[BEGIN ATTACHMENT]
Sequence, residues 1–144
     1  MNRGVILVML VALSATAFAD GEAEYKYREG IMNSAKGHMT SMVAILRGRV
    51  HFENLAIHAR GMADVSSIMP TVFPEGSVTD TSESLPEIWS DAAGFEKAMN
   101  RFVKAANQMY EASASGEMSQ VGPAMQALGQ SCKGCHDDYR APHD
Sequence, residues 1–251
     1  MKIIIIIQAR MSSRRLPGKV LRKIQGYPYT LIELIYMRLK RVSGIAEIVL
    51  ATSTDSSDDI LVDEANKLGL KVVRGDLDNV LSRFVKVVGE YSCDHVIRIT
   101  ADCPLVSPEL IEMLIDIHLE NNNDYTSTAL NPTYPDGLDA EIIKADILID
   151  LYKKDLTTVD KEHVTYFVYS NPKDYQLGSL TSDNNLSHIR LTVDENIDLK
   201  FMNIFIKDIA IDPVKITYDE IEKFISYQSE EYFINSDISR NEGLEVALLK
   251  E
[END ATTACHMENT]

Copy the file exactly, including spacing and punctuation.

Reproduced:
Sequence, residues 1–144
     1  MNRGVILVML VALSATAFAD GEAEYKYREG IMNSAKGHMT SMVAILRGRV
    51  HFENLAIHAR GMADVSSIMP TVFPEGSVTD TSESLPEIWS DAAGFEKAMN
   101  RFVKAANQMY EASASGEMSQ VGPAMQALGQ SCKGCHDDYR APHD
Sequence, residues 1–251
     1  MKIIIIIQAR MSSRRLPGKV LRKIQGYPYT LIELIYMRLK RVSGIAEIVL
    51  ATSTDSSDDI LVDEANKLGL KVVRGDLDNV LSRFVKVVGE YSCDHVIRIT
   101  ADCPLVSPEL IEMLIDIHLE NNNDYTSTAL NPTYPDGLDA EIIKADILID
   151  LYKKDLTTVD KEHVTYFVYS NPKDYQLGSL TSDNNLSHIR LTVDENIDLK
   201  FMNIFIKDIA IDPVKITYDE IEKFISYQSE EYFINSDISR NEGLEVALLK
   251  E